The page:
The Dallas ISD board of trustees is set to meet Thursday night in one of their final meetings of 2020.
From food storage to internet access and state requirements, it's clear the pandemic has added onto their list of things to tackle heading into the new year.
NBC 5 spoke with Michael Rosenberger, executive director of Food and Child Nutrition Services, about some of the side effects of the pandemic that they just didn’t expect.
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At Thursday’s meeting, his department hopes to solve one of those by finding a place to store excess food and supplies from a “logistical nightmare” that occurred at the onset of the pandemic.
“It was kind of crazy for a while,” Rosenberger described.
Like any large entity, the district budgets its money out for the year, which means purchases and orders are placed months in advance. Before the pandemic began, food services had already put in orders on food to feed 150,000 students for all of March, April and May.
But when the pandemic hit and schools shut down in the spring, they still had various shipments of food coming in that the district couldn't cancel.
“Our food is ordered a month in advance or longer. So the shutdown kind of caught us off guard because we had food ordered and paid for that was due to come into our warehouse,” Rosenberger explained.
Tons of dry and frozen food, plates and plastic trays – literal millions of dollars worth of bulk food – were coming in, with nowhere to put it. The district found a temporary place to store that extra food and supplies so it wouldn't go to waste until they could address the needs of students first.
Those needs included feeding countless lower-income students and families who had lost employment due to the pandemic with take-home and to-go style meals. DISD turned into a sort of food bank, distributing a week’s worth of food in massive drive-throughs.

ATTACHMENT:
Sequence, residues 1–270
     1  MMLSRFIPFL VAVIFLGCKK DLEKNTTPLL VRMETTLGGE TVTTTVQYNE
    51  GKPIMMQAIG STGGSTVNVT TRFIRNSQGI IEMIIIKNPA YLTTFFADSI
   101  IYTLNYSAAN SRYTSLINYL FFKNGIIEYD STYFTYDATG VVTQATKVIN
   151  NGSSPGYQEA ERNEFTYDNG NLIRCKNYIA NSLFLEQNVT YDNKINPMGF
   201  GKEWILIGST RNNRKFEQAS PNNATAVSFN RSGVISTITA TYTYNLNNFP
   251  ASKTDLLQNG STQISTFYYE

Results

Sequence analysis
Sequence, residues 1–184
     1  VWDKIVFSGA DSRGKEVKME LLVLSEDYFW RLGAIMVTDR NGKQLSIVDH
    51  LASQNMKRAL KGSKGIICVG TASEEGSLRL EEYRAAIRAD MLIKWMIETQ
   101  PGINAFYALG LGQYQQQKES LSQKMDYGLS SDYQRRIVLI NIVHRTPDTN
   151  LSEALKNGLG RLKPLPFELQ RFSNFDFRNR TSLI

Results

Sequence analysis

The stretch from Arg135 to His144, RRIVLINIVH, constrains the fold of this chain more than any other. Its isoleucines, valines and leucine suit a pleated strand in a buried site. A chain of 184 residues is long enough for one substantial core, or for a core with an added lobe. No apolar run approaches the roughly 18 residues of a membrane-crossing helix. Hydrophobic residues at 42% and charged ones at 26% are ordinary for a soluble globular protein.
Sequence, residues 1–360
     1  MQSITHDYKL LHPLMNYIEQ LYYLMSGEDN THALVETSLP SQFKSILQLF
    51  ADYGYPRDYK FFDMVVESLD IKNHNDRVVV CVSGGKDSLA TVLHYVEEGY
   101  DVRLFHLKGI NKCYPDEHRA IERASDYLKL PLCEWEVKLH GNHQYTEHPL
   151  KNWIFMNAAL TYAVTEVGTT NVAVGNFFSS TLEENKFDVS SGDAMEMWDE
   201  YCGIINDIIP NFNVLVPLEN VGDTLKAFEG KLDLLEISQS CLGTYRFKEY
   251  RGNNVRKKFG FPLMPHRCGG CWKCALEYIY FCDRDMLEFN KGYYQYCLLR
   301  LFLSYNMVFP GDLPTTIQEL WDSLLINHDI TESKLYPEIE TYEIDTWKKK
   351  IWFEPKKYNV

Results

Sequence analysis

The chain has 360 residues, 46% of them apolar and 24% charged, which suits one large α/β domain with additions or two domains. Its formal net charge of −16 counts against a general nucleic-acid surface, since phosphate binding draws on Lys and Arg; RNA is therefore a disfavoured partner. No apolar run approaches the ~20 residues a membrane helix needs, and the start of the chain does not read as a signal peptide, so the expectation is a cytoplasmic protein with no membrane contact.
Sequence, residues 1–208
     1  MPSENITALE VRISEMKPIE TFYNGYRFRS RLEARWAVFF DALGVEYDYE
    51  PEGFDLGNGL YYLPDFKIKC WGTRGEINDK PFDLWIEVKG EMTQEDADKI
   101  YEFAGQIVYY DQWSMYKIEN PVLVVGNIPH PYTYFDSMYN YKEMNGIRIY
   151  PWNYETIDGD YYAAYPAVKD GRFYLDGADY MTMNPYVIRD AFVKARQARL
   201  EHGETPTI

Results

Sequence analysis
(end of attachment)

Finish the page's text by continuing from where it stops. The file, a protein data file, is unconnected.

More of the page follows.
Rosenberger said 10 million meals have been served so far.
“We had a lot of families really suffering so we were happy to be able to bring that program and feed a lot of hungry students," he said. "Our mission continues whether school in or out, we’re here to take care of the kids. And make sure that they have the food they need to be successful.“
The food that was originally purchased for cafeteria meals were not quite equipped to be served to families picking up in those special food distributions.
“We were kind of caught between all this food coming in, which is packed much like you would get at Sam’s Club. It’s a huge case of food,” explained Rosenberger. “And it’s intended to be opened and cooked and then served to individual students. That type of food, the bulk pack, doesn’t work really well when you’re trying to serve a week's worth of food in a to-go format on a one-day basis.”
He said his department has been able to find more equilibrium in the months since, as they juggle feeding both at-home learners and students at the schools.
"We've been able to use a lot of the bulk packed food now. We pack a lot of it now ourselves for individual servings in the curbside meals program,” he said. "We're kind of running two meals programs right now. We're serving the in-person learners as we normally would and we do a meals program once a week for virtual students.”
On Thursday night, the board will discuss entering into a contract with a company, Maverick Fulfillment, to serve as a more permanent place to keep the excess supplies and prevent another logistical nightmare in the future.
“They are a food storage company. They have dry storage, refrigerators and huge freezers -- bigger than what you see at Costco or Sam’s,” said Rosenberger.
Another side effect of the pandemic -- goals with the Texas Education Agency. This is an agenda item that will also be addressed at Thursday night’s meeting.
The TEA requires that every district establish annual targets for student outcome goals and goal progress measures.
DISD did that but according to a memo on the agenda, the pandemic has made it impossible to reach some of those goals. The targets range from student achievement levels for different subjects or state assessments.
The board is aiming to revise those goals to account for issues related to COVID-19.
Finally, the board will continue its efforts in addressing and improving internet access in the district.
According to the agenda, the board will discuss a project to construct a private cell network that would provide high-speed internet for five DISD communities including Pinkston, Roosevelt, South Oak Cliff, Spruce and Lincoln high schools.
Data shows those are the areas with the highest need. According to the district, the private cellular networks would provide high-speed access to the district’s educational resources to families living in the neighborhoods immediately surrounding those schools.
The district said the goal of this project is to pilot the technology in these neighborhoods to determine feasibility for long-term investment and scale. Click here to learn more.